And that’s the rub.  What we want to be told is what Ms Melton comes to as the conclusion of her article: find moments of joy/”Kairos” in this crazy difficult existence of motherhood and it’s all good.  The problem with that is that it leaves a gaping hole– well o.k., maybe not a gaping hole– maybe just one large enough for a child to fall through.  You see, I think children can tell when we are just gritting our teeth and bearing it (by which we really mean “them”) albeit finding moments of joy– and when we are actually enjoying ALL OF IT and therefore ALL OF THEM.

God expects us to be tight-rope walkers of a sort.  He expects us to balance between loving and receiving the goodness He gives us in this life (which includes our children), and not expecting those things to ultimately fulfill us.  He wants us to take deep, wonderful, ridiculous joy in our kids and to still realize that they are not the source of our joy.  I can fall off that tightrope on either side and I’ve developed a little test to tell me which it is so that I know how to get back on when confronted by that “enjoy it” person in the grocery store.  If I feel like the member of a chain gang that someone just walked up beside and barked an order to “enjoy it!”, chances are, I have fallen off on the ungrateful side.  If, on the other hand, I feel like a person eating their last meal, trying to eek out every second of joy, every flavor, and then someone pokes their head in my cell and says “enjoy it!” chances are my misplaced expectations are making me frantic.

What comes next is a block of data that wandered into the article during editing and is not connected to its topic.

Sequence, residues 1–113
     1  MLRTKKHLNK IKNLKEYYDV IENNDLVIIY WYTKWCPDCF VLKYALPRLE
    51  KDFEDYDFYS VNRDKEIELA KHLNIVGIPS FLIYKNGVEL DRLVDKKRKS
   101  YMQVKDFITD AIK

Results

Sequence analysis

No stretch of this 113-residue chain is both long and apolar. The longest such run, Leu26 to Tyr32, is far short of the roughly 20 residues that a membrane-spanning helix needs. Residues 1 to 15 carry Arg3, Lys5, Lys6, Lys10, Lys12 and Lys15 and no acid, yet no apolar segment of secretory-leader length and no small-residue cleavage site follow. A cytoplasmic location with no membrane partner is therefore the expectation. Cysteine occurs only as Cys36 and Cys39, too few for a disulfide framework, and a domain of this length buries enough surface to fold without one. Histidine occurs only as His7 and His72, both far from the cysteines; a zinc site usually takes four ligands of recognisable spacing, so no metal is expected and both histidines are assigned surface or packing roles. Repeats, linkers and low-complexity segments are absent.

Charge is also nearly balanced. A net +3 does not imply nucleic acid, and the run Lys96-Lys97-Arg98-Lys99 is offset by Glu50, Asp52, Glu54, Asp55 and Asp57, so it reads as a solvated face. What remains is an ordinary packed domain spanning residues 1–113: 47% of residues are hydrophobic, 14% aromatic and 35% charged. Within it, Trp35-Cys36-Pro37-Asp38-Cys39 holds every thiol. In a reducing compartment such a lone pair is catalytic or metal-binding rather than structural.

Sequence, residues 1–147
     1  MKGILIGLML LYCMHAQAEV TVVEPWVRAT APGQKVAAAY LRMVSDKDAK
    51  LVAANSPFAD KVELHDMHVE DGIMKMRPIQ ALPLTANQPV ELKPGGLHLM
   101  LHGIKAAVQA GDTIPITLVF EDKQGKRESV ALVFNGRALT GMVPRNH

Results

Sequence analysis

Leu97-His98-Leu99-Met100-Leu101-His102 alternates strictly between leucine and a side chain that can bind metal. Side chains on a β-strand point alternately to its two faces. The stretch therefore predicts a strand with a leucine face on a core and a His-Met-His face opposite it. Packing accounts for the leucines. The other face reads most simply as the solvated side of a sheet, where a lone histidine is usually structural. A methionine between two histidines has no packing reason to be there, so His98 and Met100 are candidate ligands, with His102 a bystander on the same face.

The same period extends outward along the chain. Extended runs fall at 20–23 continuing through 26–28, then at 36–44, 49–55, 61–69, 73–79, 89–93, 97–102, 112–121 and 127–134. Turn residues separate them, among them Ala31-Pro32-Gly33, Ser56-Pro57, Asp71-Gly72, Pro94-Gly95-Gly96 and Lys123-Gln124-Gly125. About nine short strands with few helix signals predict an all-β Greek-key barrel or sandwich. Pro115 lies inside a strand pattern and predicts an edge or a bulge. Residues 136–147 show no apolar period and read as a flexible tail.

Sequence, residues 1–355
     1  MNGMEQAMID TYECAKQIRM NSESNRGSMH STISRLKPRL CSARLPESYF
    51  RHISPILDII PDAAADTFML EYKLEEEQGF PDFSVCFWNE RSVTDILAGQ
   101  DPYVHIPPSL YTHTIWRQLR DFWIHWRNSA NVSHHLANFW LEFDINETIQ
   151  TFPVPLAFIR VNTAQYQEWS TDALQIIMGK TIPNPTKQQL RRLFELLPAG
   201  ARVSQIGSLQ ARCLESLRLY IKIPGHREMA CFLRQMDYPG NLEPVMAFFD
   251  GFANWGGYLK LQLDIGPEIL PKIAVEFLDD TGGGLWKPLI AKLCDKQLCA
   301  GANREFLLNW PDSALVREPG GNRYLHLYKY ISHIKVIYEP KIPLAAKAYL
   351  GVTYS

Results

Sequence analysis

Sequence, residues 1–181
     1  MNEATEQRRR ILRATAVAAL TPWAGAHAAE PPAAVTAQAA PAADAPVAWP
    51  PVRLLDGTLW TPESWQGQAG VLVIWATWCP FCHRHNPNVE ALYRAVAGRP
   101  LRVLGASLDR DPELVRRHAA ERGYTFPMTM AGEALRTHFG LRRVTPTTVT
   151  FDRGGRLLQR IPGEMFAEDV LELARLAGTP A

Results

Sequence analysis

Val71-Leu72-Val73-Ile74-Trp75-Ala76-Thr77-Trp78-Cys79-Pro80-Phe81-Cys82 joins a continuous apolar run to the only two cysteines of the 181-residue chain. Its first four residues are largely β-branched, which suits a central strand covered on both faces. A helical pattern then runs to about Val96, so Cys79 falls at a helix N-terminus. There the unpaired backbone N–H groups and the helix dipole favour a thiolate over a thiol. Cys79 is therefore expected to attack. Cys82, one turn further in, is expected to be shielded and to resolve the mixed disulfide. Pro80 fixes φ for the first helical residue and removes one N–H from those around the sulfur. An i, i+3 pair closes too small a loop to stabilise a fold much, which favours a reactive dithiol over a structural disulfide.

If, however, I am in the middle of the grocery store and things have gotten rather hairy and someone tells me to “enjoy it”, and I feel like saying, “Thanks, that’s a good reminder. I am enjoying this imperfect situation to the fullest realizing that it’s good but it’s not the end-all, and a perfect one awaits me,” then chances are I am right where I should be on the tightrope.

(Parenthetically, I would draw a line of difference between the person who says “enjoy every minute of it” and the person who says “I enjoyed every minute of it.” It’s one thing to point a person towards perfection and it’s another to point them towards yourself.)

Ms Melton touches on the fact that other people besides mothers have hard jobs and yet people don’t nag them to “enjoy it!”  To that I would say, why not?  Shouldn’t we all be enjoying this life to the fullest extent that a temporal/flawed existence can be? So in conclusion, do carpe diem– do encourage new moms to seize the day if you think it would be uplifting, and while you’re at it, tell the same thing to a 75-year-old man and a 5-year-old child.  But most importantly, remind yourself.